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Published In: Flora Indica; or descriptions of Indian Plants 2: 148. 1824. (Fl. Ind.) Name publication detailView in Biodiversity Heritage Library

Project Name Data (Last Modified On 10/19/2010)
Acceptance : Accepted
Taxon Profile     (Last Modified On 7/21/2011)
Generic Distribution: not endemic to the Malagasy Region
Generic Species Diversity and Endemism Status: has been evaluated
No. of species in Fl. Madagasc.: not published
Accepted Published Species: 13 endemic
Estimated Unpublished Species: none
Estimated Total Species: 13 endemic
Additional Taxonomic Work: not currently required
Species Level Data Entry: complete

Hymenodictyon is closely related to Paracorynanthe; these genera share a woody, sometimes deciduous habit; interpetiolar, triangular, often deciduous stipules; cymose, bracteate inflorescences that are terminal and often also produced in the uppermost leaf axils; bisexual flowers with 5 calyx lobes, corolla lobes, and stamens; funnelform corollas with the lobes valvate in bud; rather small, ellipsoid, lenticellate, capsular fruits with loculicidal dehiscence; and one to numerous flattened, winged seeds per locule. Some species in both genera characteristically have a pair of petaloid, long-stipitate bracts borne at the base of the inflorescence. These are generally pale green to white or sometimes pink. Razafimandimbison & Bremer (2006) revised these genera, and found them together to comprise the tribe Hymenodictyeae which is closely related to Naucleeae.

See Paracorynanthe for a key to these genera. Paracorynanthe differs from Hymenodictyon as well as the other Rubiaceae in Madagascar in its unusual corollas, which have each lobe ornamented at the tip by a prolonged appendage that comprises a pilose stipe 3-4 mm long that bears a black globose club. The inflorescences of Paracorynanthe are rounded or corymbiform in general shape, while in Hymenodictyon the inflorescences or at least the axes are often spiciform. The ovaries of Paracorynanthe have 1-2 ovules per locule, while those of Hymenodictyon have 2-40 ovules per locule. The bark of Paracorynanthe characteristically falls in large plates or plaques while the bark of Hymenodictyon is generally not divided into plates.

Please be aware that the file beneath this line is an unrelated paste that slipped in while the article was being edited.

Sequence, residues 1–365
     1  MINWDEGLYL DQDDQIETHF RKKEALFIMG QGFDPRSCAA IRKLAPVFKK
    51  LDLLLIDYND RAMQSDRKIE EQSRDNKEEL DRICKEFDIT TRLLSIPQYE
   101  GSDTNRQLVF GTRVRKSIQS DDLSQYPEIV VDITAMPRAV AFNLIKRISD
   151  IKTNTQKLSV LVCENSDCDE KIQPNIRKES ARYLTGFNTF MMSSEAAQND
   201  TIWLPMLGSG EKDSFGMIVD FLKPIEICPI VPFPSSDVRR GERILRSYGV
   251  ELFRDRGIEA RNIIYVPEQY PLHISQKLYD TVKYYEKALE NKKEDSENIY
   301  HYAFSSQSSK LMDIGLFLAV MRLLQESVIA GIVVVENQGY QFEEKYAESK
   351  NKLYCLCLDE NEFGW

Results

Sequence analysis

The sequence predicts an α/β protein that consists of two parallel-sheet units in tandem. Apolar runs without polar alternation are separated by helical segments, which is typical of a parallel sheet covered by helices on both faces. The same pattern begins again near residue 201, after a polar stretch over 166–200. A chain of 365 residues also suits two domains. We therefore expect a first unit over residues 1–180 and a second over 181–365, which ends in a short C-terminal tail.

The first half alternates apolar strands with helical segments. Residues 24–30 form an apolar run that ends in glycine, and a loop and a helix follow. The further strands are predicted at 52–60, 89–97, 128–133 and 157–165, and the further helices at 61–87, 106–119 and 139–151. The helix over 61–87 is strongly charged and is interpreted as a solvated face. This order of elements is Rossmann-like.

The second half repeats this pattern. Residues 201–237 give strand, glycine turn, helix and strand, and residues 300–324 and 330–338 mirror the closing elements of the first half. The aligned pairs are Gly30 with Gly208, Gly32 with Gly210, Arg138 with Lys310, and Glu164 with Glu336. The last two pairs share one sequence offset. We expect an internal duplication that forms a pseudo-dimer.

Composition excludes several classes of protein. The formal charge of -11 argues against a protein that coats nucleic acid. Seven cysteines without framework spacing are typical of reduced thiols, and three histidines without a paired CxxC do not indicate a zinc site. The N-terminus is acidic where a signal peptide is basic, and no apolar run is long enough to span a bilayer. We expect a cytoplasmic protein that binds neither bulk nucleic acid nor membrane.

Razafimandimison & Bremer (2006) presented a mostly natural key to the species of Hymenodictyon; an alternative key is presented here based on the species circumscription of Razafimandimbison & Bremer, but incorporating more recently collected specimens. Identification of Hymenodictyon species in our region is complicated by the deciduous phenology of the plants, with the inflorescences often produced together with the young leaves, the leaves maturing when the fruits are young, and then the leaves falling off plants with mature infructescence. Thus matching plants at different developmental stages can be complicated. Razafimandimbison & Bremer separated species in part by whether the inflorescences are branched or simple; in these species sometimes only the terminal inflorescence is branched while the several inflorescences borne in the uppermost leaf axils are simple, also this character can sometimes be difficult to discern on older infructescences where some axes have fallen off. In many if not most species of Hymenodictyon in our region, the inflorescences are rather compact with the flower grouped closely together but the primary axis elongates, sometimes markedly, as the fruits develop so the size of the mature infructescence is sometimes quite different. The soft, white or colored petaloid bracts appear to function to attract pollinators in the inflorescences, but in many species these then become stiffened and are persistent on the infructescences also, where their function is not yet known. Some petioles measurements were given incorrectly by Razafimandimbison & Bremer as mm rather than cm.

Compiled or updated by: S. Andriambololonera & S. Andrianarivelo; notes and key added by C.M. Taylor VII 2011

Images and Maps     (Last Modified On 7/21/2011)
Maps: Distribution maps: Razafimandimbison & Bremer, 2006: p. 341, fig. 3; p. 344, fig. 5; p. 347, fig. 7; p. 353, fig. 9.




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